The COVID-19 pandemic has enforced a number of changes in how we care for people who have had first seizures as well as those who have epilepsy. Some of these changes have been necessary due to the initial reallocation and redistribution of neurology clinicians to support colleagues caring acutely for patients presenting to hospital with COVID-19 related complications. After this rapid, mass shift in the allocation of health service personnel to cope with the first wave of the pandemic, changes to how clinicians can serve their patients in an epilepsy service remained essential to continue to minimise the risk of transmission of the virus by adhering to Government guidelines. For example, this made the delivery of routine face to face clinical care unviable for the short term. Instead a number of innovations were required which focused mostly on the utilisation of remote clinical methods of working.
The term ‘telemedicine’ is often heard and relates to the remote utilisation of both old and new technology, to enable high standards of clinical care to continue to be delivered. This has meant that clinics for epilepsy and first seizures have been conducted remotely, utilising telephone or secure video conferencing technology. Ensuring confidentiality of patient information is of the utmost importance for the NHS and as such commercially available software such as Zoom or Skype were not fit for this purpose. This turbocharged the development of NHS designed software platforms that have highlighted the level of innovation and flexibility of our healthcare system in times of adversity.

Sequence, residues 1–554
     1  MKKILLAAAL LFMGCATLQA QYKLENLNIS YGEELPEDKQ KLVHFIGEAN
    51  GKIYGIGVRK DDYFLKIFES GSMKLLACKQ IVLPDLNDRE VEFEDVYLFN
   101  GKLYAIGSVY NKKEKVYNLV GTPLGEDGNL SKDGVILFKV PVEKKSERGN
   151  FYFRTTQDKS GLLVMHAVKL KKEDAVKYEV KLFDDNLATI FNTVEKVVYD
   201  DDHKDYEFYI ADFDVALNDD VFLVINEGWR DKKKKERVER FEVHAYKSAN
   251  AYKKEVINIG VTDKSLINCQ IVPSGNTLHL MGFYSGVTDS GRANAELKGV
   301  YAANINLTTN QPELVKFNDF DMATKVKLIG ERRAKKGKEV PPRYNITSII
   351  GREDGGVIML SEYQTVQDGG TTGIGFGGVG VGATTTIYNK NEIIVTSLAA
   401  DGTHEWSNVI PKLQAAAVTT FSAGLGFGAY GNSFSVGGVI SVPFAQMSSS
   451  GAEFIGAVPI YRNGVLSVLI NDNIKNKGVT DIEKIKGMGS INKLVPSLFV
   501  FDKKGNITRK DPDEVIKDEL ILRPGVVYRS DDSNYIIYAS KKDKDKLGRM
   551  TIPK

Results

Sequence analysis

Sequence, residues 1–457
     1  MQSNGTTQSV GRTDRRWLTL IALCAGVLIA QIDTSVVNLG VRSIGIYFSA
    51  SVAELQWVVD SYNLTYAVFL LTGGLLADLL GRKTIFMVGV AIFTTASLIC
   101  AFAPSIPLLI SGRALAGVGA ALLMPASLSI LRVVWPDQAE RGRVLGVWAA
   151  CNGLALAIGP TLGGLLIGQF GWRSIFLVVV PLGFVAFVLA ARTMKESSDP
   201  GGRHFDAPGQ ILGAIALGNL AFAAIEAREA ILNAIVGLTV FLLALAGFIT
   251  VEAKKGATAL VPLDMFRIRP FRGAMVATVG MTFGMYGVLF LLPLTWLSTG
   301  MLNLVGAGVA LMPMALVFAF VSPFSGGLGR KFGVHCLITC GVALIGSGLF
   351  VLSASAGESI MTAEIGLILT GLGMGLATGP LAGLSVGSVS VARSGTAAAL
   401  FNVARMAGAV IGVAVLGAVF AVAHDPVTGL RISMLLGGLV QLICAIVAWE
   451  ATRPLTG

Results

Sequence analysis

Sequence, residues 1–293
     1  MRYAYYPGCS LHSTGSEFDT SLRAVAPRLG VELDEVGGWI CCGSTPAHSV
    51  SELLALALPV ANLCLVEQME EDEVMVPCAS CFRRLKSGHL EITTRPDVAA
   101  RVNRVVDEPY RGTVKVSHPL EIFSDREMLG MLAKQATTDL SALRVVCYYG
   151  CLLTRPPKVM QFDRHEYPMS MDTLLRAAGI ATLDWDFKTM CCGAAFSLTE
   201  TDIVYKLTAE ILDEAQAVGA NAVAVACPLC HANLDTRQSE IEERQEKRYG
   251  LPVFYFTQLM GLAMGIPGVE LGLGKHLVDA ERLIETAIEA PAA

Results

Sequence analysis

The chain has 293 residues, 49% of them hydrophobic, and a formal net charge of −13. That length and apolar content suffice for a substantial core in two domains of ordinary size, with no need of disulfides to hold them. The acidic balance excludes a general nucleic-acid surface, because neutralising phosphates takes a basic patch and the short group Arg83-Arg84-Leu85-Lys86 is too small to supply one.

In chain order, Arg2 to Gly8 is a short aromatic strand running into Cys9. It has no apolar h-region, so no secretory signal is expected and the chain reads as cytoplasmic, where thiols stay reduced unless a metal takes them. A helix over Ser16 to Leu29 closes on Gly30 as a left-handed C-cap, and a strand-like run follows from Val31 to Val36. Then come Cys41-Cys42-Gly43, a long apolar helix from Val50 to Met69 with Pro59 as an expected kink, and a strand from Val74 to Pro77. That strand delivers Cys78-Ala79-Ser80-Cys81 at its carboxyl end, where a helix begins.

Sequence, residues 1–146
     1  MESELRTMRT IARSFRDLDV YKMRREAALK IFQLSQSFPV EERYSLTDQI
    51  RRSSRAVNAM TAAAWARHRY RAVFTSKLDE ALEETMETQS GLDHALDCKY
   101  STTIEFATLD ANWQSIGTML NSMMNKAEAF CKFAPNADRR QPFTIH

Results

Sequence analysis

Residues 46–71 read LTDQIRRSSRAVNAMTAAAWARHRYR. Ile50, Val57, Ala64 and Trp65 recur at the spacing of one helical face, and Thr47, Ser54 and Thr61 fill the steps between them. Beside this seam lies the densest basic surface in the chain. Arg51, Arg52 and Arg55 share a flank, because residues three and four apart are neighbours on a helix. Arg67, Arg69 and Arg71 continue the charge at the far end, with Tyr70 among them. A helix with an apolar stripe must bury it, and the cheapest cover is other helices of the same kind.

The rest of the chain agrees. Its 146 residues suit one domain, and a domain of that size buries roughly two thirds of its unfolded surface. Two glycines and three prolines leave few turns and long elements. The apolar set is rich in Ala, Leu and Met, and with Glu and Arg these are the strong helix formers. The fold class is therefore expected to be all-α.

Clinicians from the epilepsy team at the Walton Centre and the epilepsy research group at the University of Liverpool have been involved in both advising on the safe implementation of these changes locally, regionally and nationally. They have already published their opinions on the topic and plans are in place for a national study on how best we can ensure that these changes in how care is delivered remains patient centred and fit for purpose. Although it is clear that telemedicine in epilepsy care is likely to be here to stay, we must ensure that it remains accessible to all of our patients to ensure that nobody is left behind. People with seizures, epilepsy and their carers should know that although the way we deliver care may appear seemingly different than before, their clinicians are always there for them when they need us. This may even give us an opportunity to rebuild our care pathways so that they are even more patient focussed, individualised and truly fit for the 21st century.